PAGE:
The Mystery: 16-year-old Lisa Pruett was stabbed to death behind a mansion in the tony section of Shaker Heights. Based on tips from her classmates, police quickly focused on the weird kid in school, Kevin Young. He was charged with the murder but acquitted by a jury. Looking at the case again raises questions about Pruett's boyfriend Dan Dreifort. Lisa's body, after all, was found about 100 feet from the Dreifort family mansion. Dan had been released that day from the psych ward. He had written her letters from the hospital, warning her to stay away from him when he got out because he didn't want to hurt her.

Send tips to Cuyahoga County Sheriff's Department, Detective Bureau: 216-443-6130.

6. The Murder of Andrea Flenoury

Crime Scene: Coventry Township, August 7, 2005.

The Mystery: 21-year-old Andrea Flenoury's body was found submerged in the river along the Ohio & Erie Canal towpath, wrapped in chains. Detectives soon learned that this former Lordstown High School cheerleader had been moonlighting as a stripper in some of Akron's seediest clubs. Her killer strangled her to death. She was six weeks pregnant. Her murder may be linked to the April 2005 death of Donna Pittinger, whose body was found floating in the Tuscarawas.

Send tips to the Akron Police Detective Bureau: 330-375-2490.

7. Who Killed Anita Pratt and Her Unborn Baby?

Crime Scene: Ashtabula, Sept. 19, 1981

The Mystery: Anita Pratt, 22, was found stabbed to death, in a pool of blood, beside her 1 year-old son's crib. There were no signs of forced entry. Her stepfather, Bill Colley, who lived across the hall from her apartment, told police he found the front door open and her child crying inside. She was seven months pregnant at the time. Police long suspected the stepfather but he never confessed to the crime.

Send tips to Ashtabula County detectives: 330-675-7890.

8. The Disappearance of Tonia Aldrich

Crime Scene: Elyria, March 29, 1997.

The Mystery: Last seen at Chris's Place bar at 2 a.m., 38-year-old Tonia walked east down Clark Street, headed for home. Later that night, her mother found Tonia's medication and belongings by the front door but there was no trace of Tonia. She never used her credit cards after that day. It is believed she met with foul play.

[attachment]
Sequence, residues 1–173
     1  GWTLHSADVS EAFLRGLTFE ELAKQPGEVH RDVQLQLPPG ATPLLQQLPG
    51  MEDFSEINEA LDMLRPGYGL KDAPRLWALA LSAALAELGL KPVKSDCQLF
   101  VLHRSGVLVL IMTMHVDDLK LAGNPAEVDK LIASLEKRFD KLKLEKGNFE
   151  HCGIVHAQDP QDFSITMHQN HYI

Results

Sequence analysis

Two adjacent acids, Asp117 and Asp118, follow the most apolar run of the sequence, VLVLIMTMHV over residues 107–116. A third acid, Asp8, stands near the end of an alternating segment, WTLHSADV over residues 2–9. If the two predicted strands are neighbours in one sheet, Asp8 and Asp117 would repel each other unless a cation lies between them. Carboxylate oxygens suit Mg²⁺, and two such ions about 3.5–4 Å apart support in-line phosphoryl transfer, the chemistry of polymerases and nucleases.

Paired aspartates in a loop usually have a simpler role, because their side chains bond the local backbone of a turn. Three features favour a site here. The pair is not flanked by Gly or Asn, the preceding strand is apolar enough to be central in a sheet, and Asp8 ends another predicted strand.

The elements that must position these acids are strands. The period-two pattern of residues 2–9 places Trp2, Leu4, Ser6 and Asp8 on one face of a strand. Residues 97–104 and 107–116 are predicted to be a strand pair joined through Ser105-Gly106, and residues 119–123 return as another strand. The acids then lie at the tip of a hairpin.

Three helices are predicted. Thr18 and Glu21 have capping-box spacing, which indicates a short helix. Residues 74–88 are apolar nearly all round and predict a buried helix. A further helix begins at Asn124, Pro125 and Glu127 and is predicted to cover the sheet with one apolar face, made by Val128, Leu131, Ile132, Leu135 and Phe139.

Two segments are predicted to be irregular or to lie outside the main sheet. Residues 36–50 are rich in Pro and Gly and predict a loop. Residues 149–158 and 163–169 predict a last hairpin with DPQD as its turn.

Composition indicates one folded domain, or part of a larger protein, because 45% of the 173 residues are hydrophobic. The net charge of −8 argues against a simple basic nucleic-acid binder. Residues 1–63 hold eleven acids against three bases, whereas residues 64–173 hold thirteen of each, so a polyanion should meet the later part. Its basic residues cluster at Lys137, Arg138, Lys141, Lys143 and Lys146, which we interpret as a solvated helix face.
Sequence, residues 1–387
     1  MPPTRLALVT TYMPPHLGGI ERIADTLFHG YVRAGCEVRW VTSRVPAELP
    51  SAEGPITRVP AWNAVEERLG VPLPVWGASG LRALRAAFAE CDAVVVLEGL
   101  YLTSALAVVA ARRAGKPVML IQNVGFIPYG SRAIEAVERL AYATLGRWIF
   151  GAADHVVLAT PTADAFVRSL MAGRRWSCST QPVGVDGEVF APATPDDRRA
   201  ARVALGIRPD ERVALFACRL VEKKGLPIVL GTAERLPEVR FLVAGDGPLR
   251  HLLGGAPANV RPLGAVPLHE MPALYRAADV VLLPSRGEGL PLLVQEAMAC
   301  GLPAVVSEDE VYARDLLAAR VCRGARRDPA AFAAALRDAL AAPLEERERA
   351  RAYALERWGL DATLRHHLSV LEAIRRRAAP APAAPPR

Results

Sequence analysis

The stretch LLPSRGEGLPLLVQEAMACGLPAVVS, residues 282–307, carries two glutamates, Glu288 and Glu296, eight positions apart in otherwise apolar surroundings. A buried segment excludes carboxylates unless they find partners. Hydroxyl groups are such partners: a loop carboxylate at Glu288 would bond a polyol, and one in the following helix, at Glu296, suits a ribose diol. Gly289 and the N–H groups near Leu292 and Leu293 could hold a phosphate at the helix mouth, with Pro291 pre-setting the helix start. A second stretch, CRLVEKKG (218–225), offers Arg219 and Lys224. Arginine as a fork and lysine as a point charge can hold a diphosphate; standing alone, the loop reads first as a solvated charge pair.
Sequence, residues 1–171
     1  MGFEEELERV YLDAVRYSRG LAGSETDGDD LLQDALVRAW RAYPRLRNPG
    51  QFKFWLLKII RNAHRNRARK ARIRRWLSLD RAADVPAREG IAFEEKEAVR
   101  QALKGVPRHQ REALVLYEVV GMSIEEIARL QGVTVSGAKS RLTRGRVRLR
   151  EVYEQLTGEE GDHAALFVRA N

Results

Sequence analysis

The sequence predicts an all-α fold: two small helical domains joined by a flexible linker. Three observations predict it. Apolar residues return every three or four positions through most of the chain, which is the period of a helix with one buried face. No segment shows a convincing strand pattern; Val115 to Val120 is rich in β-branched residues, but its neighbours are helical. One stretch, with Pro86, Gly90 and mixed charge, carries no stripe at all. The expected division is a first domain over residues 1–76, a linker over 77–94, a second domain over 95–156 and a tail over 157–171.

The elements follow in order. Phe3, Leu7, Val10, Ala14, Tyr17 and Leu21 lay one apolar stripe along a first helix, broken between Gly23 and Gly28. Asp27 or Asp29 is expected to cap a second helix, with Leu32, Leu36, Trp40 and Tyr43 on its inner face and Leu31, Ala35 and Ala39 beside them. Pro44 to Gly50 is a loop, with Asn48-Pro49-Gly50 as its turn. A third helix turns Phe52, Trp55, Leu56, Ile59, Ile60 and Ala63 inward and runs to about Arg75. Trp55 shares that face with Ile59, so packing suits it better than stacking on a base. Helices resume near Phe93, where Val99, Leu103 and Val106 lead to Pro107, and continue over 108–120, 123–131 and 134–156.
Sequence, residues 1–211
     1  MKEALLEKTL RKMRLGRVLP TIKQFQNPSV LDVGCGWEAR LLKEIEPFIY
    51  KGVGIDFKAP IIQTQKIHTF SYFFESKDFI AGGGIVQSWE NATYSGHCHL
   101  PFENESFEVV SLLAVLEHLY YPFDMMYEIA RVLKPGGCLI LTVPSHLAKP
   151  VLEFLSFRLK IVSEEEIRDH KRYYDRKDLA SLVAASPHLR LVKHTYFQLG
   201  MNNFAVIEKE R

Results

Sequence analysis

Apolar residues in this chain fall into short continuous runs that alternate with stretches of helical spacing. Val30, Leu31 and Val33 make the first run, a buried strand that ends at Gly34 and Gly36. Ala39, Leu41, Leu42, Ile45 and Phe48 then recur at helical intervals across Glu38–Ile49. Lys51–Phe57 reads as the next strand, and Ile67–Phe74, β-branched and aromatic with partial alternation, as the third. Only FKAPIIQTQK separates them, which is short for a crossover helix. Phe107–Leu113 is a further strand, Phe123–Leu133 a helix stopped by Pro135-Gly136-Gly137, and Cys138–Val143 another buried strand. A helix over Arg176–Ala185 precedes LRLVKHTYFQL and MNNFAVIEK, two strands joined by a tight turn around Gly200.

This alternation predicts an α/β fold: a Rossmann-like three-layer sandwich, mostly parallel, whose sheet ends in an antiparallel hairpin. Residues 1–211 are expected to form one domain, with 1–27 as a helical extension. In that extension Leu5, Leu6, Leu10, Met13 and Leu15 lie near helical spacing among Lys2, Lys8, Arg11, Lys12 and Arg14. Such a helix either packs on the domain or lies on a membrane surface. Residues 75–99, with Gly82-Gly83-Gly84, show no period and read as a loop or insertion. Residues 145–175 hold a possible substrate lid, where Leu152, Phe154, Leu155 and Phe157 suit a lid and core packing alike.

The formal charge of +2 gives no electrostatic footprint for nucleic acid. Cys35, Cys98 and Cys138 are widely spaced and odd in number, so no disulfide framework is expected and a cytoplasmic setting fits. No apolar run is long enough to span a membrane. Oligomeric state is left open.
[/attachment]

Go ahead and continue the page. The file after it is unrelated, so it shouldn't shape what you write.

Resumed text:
Send tips to the Elyria Police Department: 440-326-1205.

9. Who Killed Professor Shaw?

Crime Scene: Kent, Sept. 20, 2004.

The Mystery: Douglas Shaw taught urban studies at the University of Akron for 32 years before someone killed him inside his own home, striking him on the head with some blunt instrument. His wife was out of state at the time. His son discovered the body. No suspects have been named, though his wife has said she believes she knows who did it.

Send tips to Kent police: 330-673-7732.

10. The Murder of Marilyn Sheppard

Crime Scene: Bay Village, July 3, 1954.

The Mystery: Someone bludgeoned Marilyn to death in the middle of the night. Her husband, wealthy osteopath Sam Sheppard, claimed he was sleeping downstairs when he heard cries. He raced upstairs but was confronted by an intruder who knocked him unconscious. An autopsy found that Marilyn was pregnant at the time she died. Sam was found guilty of her murder, but won a retrial and was later acquitted. The evidence suggests a woman or a very weak man actually committed the crime. Sheppard's mother committed suicide a few days after Sam's initial conviction.

Send tips to Bay Village Police: 440-871-1234.

11. Who Was the Mad Butcher of Kingsbury Run?

Crime Scene: Cleveland, 1935 to 1938

The Mystery: At least a dozen people were killed by a serial killer known as the Mad Butcher of Kingsbury Run, who preyed upon drifters who lived in shanty slums around the banks of the Cuyahoga following the Great Depression. The sadistic predator cut the bodies into pieces and sometimes only torsos were found. Most of the male victims had been castrated, too. Untouchable Eliot Ness was safety director of Cleveland at the time. He believed Dr. Francis Sweeney was responsible and the murders stopped after Sweeney had himself committed to a mental ward. Other believed the real killer moved away and to safer killing fields.

Send tips to Cuyahoga County Sheriff's Department, Detective Bureau: 216-443-6130.